Saturday, January 31, 2009

EPOCH + R, round two

This week was similar to my first round of chemotherapy. It took a few days for the tiredness to really kick in, probably because I started out feeling so much better than going into the first cycle. The thirst wasn't quite so strong (I think I drank about 11 8-oz. glasses of fluids a day, instead of 12). The muscle cramps were less severe, although they were spread out this time in my legs and forearms and the arches of my feet (the first cycle I only had cramping in my inner thighs). No buzzing in my ears at all this time, which was really nice.

My hair has continued to fall out; I sometimes think I look like the character Golem in the Lord of the Rings movies. My eyebrows and eyelashes are so far unaffected, which is a nice bright spot.

My food cravings have been different; for example, the first cycle I wanted hot chocolate every day. This time, I had hot chocolate on two days, but it wasn't as good. This morning, I woke up at 4am and microwaved some frozen minestrone soup, and wondered if I could get the partner to run to the grocery store for some orange juice (which didn't sound good at all during my first round) and grapefruit. Maybe when the store opens.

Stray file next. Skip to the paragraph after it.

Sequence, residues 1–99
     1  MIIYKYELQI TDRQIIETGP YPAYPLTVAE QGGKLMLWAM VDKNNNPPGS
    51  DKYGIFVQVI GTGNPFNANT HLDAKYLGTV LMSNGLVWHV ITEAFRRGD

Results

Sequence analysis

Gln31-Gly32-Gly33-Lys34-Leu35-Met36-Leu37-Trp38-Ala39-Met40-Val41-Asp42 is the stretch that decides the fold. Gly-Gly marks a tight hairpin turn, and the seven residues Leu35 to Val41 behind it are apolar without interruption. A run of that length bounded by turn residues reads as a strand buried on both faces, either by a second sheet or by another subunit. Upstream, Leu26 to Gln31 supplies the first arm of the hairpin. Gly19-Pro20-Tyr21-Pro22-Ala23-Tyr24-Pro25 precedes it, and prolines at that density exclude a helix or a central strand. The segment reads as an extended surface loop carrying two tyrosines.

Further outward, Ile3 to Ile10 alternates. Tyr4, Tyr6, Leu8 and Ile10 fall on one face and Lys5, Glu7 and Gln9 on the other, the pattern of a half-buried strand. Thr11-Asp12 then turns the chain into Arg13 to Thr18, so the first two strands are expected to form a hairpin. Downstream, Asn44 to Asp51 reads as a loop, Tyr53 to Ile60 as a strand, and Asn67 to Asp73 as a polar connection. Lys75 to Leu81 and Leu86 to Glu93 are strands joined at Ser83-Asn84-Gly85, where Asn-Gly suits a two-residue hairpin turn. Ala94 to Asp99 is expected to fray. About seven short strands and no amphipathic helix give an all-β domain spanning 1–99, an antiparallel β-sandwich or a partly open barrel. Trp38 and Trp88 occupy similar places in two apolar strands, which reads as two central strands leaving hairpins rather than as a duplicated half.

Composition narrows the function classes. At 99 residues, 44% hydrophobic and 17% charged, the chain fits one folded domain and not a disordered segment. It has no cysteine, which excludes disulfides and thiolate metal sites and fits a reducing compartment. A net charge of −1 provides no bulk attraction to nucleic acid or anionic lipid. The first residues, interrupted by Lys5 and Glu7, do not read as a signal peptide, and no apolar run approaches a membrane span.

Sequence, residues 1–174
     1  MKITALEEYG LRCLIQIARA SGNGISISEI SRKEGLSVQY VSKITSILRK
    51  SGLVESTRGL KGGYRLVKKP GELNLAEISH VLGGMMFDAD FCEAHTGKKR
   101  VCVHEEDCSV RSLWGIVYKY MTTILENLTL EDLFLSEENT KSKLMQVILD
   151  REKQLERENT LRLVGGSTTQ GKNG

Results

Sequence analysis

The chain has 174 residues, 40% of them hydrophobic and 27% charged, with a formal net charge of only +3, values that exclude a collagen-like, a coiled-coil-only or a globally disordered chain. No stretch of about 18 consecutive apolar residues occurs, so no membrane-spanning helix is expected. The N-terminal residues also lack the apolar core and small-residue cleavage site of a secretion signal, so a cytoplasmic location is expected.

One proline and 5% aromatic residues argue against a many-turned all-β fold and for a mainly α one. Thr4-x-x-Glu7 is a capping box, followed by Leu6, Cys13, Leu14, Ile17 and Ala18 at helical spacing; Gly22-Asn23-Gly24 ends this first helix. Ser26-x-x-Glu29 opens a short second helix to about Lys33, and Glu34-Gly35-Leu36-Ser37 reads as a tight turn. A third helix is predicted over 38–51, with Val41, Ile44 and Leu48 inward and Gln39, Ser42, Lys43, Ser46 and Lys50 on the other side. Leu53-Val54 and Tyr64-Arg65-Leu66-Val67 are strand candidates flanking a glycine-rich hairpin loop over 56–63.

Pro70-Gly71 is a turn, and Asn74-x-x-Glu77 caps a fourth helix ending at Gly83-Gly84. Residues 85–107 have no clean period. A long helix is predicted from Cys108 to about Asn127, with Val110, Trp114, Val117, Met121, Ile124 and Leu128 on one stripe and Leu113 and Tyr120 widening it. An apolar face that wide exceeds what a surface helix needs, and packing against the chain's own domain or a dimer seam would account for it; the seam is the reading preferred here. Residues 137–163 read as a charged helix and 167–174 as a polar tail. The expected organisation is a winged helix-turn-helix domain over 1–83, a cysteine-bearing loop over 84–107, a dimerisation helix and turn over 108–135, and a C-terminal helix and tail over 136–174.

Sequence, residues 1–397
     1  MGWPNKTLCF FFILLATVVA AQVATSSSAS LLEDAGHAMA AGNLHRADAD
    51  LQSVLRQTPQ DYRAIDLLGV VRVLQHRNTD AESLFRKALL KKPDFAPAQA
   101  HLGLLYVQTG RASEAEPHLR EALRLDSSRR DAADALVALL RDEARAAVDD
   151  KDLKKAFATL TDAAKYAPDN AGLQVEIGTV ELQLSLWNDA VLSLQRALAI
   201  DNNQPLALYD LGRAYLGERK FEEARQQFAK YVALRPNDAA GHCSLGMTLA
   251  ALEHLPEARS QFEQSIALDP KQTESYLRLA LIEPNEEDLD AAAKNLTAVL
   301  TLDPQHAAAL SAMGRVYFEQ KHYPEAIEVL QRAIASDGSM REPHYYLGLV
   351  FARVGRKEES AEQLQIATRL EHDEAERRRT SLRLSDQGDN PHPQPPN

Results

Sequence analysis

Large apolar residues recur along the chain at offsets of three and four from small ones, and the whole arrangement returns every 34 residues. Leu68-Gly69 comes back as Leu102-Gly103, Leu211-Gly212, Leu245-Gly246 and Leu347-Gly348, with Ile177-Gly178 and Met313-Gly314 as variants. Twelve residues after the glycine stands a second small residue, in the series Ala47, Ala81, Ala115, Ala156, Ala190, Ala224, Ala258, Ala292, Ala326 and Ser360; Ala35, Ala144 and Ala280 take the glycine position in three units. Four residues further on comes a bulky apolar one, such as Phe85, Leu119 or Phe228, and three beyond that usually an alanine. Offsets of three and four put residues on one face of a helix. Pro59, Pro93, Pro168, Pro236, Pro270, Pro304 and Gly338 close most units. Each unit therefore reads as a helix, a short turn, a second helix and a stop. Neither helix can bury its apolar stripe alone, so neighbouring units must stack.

Starting in the break weeks, I've been having trouble eating salty or spicy foods because the inside of my mouth is tender. I really like spicy foods, and snacky-type foods that don't require preparation tend to be salty, so this has been a difficult adjustment.

I've given blood regularly since I was 18, and my heart rate has always been in the 80s. This week, my resting heart rate dropped to the 60s, which has felt very odd. I'm guessing my heart got a really good aerobic workout pressing against the tumor for so many months, and is now showing off how buff it is.

On Thursday, they told me I was anemic, with a hematocrit level of 29.5 (I think below 30 is anemic for premenopausal women). To give blood, they require a hemotocrit level of 38, which I have struggled to maintain since becoming vegetarian - my normal diet has a low iron content. The chemo drugs damage the intestine lining, so I'm sure reduced absorption is compounding the difficulty my damaged bone marrow has making red blood cells. There are shots they can give to help anemia. But, they do not give the shots if they are treating the cancer with intent to cure. Knowing I'll probably be more tired because of the anemia isn't fun, but it is pleasant to dwell on being cured.

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